Carmakers fear European recovery could take years
By Laurence Frost
GENEVA (Reuters) - Europe's ailing car market has weakened further in recent months; and with no signs of recovery, some industry leaders hope governments will relax their opposition to plant closures and job cuts needed to restore profits.
At the Geneva car show on Tuesday, executives from top players including Ford (F.N: Quote), Fiat FIA.MI, Daimler (DAIGn.DE: Quote) and Renault (RENA.PA: Quote) warned that demand in Europe would stay weak for years as governments drive through austerity measures.
"The European market is not in a condition we expected three months ago," said Dieter Zetsche, chief executive of German luxury carmaker Daimler, reflecting the industry's dismay at a continued plunge in sales in the region.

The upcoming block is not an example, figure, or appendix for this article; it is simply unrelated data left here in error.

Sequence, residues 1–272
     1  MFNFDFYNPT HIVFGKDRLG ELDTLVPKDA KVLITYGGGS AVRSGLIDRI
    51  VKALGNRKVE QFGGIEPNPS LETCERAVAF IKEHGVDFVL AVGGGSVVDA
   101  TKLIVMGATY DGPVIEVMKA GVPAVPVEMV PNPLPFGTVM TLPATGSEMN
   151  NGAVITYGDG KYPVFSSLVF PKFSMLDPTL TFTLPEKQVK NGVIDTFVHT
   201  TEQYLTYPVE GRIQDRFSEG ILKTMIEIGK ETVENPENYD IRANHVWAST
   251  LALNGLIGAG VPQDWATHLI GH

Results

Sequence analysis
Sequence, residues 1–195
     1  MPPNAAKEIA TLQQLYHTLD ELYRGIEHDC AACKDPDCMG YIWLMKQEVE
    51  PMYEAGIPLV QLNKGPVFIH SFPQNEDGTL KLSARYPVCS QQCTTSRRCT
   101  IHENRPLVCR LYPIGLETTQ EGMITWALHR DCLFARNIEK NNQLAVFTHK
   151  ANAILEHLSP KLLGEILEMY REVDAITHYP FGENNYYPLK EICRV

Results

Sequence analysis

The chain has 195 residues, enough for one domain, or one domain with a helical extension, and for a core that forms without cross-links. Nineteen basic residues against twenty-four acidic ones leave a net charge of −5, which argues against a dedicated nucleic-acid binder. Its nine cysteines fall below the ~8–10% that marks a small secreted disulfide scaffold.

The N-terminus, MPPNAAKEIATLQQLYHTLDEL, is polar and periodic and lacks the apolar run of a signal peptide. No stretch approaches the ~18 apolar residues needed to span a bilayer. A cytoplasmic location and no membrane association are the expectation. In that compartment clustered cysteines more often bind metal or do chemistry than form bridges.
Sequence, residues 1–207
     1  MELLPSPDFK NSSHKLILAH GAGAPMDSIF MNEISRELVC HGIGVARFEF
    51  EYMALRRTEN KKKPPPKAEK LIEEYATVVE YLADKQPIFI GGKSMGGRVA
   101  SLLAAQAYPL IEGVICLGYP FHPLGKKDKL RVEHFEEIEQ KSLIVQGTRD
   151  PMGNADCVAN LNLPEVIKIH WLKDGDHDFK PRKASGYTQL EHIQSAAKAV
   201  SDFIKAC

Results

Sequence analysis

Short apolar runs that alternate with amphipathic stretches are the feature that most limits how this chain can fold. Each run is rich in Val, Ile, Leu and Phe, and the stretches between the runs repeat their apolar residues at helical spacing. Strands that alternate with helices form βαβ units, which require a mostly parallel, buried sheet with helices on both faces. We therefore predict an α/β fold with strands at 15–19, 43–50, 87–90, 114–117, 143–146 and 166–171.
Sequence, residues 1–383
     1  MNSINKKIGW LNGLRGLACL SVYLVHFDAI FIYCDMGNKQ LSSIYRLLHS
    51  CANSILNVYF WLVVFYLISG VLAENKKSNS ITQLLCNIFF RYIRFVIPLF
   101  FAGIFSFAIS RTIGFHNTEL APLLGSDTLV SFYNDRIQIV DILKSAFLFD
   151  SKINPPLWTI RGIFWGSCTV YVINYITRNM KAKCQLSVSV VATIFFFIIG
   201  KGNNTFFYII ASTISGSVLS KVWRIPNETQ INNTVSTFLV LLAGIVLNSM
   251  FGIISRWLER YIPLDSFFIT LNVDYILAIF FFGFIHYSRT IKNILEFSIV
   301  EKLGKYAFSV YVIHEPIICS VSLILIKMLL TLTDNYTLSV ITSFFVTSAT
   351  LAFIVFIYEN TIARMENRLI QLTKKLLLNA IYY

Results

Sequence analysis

"The sustained nature of the European market slump is becoming pretty clear, and nobody now expects a return to (pre-crisis) levels on any visible horizon," said Guillaume Faury, strategy chief at France's PSA Peugeot Citroen (PEUP.PA: Quote).
"So there's going to be a kind of reckoning on European production levels for the next five years, leading governments to change their posture and encourage restructuring rather than oppose it," he predicted.
New car sales in the 27-member European Union dropped 8.2 percent to a 17-year low in 2012 as consumer incomes were squeezed by rising prices, subdued wages and austerity measures.
And hopes of a recovery this year have so far proved misplaced, with new car registrations in Germany, previously a bastion of stability, down more than 10 percent in February on a year ago, while sales in France and Italy fell by about 12 percent and 17 percent respectively.